Following Robert Pirsig, I see this realization as an essential underpinning of the scientific endeavor, as well, in that scientific truths are written in pencil, always able to be erased, revised, & rewritten in the light of new evidence and better explanations. Contrast this to religious precepts, which are metaphorically chiseled into stone, or in the case of the 10 Commandments, literally so (or at the very least literarily so). Science has the commendable feature of recognizing the provisional nature of its truths, while not devaluing what current truth it does possess.

Gray’s fundamental point is that, contrary to the hopes of the evangelizing atheists, religion is not going away and is in fact on the rise, despite the large doses of logic and careful reasoning put forward with not inconsiderable rhetorical skill by the Four Horsemen and many others. In this phenomenon, I am called to contemplate Ken Wilber’s conjecture in Integral Spirituality on the psychological role of religion, explaining both its continuing sway and pointing toward its enduring social value: that it resonates with the developmental stages through which every human must pass during our time on earth:

Every human is born at square one and begins his or her unfolding from there, moving from archaic to magic to mythic and possibly higher, and if the world’s mythologies were not a repository for these early-level beliefs, every human would have to reinvent them anew. Part of the saga of the role of the world’s great religions is that, in at least some ways, they are the vehicle for these necessary (and unavoidable) stages of human development.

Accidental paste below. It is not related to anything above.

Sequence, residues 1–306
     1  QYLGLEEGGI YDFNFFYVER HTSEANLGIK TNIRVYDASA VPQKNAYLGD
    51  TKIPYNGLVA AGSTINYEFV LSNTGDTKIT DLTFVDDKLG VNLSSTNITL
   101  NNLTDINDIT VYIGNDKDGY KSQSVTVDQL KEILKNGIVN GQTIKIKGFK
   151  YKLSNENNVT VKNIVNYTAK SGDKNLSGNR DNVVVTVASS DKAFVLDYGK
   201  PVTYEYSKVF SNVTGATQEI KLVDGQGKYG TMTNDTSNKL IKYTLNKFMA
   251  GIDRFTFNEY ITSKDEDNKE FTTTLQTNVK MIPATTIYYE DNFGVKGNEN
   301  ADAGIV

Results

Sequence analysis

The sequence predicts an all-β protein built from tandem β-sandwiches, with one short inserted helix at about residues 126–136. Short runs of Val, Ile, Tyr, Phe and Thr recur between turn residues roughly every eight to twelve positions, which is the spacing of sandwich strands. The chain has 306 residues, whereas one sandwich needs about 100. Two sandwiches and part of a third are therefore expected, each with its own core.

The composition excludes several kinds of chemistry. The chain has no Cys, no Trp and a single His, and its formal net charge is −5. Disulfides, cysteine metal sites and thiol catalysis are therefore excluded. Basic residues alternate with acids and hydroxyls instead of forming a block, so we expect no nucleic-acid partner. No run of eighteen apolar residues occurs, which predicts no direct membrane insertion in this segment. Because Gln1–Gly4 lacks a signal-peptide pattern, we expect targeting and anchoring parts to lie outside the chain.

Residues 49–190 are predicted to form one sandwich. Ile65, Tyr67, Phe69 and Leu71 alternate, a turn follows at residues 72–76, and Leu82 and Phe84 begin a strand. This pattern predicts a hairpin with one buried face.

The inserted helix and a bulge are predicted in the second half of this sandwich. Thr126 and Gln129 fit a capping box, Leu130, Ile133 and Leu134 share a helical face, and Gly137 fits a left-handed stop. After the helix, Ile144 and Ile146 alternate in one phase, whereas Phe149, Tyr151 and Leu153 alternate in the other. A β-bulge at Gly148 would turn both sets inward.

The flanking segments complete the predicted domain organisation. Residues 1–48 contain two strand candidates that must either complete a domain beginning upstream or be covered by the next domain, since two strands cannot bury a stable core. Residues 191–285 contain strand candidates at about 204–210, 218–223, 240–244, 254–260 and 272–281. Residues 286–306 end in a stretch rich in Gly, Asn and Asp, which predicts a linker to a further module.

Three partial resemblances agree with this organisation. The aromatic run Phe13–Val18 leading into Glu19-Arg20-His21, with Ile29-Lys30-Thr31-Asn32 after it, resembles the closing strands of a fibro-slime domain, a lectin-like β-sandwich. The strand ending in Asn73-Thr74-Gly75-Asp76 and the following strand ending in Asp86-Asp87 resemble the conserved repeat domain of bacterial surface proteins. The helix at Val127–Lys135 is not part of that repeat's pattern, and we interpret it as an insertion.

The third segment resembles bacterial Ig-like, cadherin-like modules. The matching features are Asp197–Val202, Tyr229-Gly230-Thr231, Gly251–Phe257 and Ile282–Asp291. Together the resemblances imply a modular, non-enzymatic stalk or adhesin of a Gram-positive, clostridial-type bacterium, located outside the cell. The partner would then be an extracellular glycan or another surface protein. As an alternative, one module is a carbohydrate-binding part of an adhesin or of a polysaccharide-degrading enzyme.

One might call Wilber’s view incredibly patronizing, both of human nature and of religious significance. Still, it is probably a nobler view of both than that of religion as human wish-fulfillment as Freud presented in The Future of an Illusion. Regardless, it does present a perspective on religion that recognizes value in its various traditions while still contextualizing and limiting its role such that it no longer foments the violence for which it has been criticized. Of course, to accomplish this contextualization, Wilber calls for what for many traditions amounts to a radical overhaul, specifically, disclaiming metaphysical assertions. This amounts to, I think, removing religion’s dogmatic claims to Truth.

The prospects for such a transfiguration of religion seems to me an even trickier of a problem to work out than that of excising the equally entrenched and dangerous dogmatism from secular systems of thought. But as a believer in progress, I suppose I must hold out hope that this sort of reform is possible and, I think, at least in the case of religious dogmatism, more likely than the wholesale dismantling of belief systems called for by the evangelizing atheists.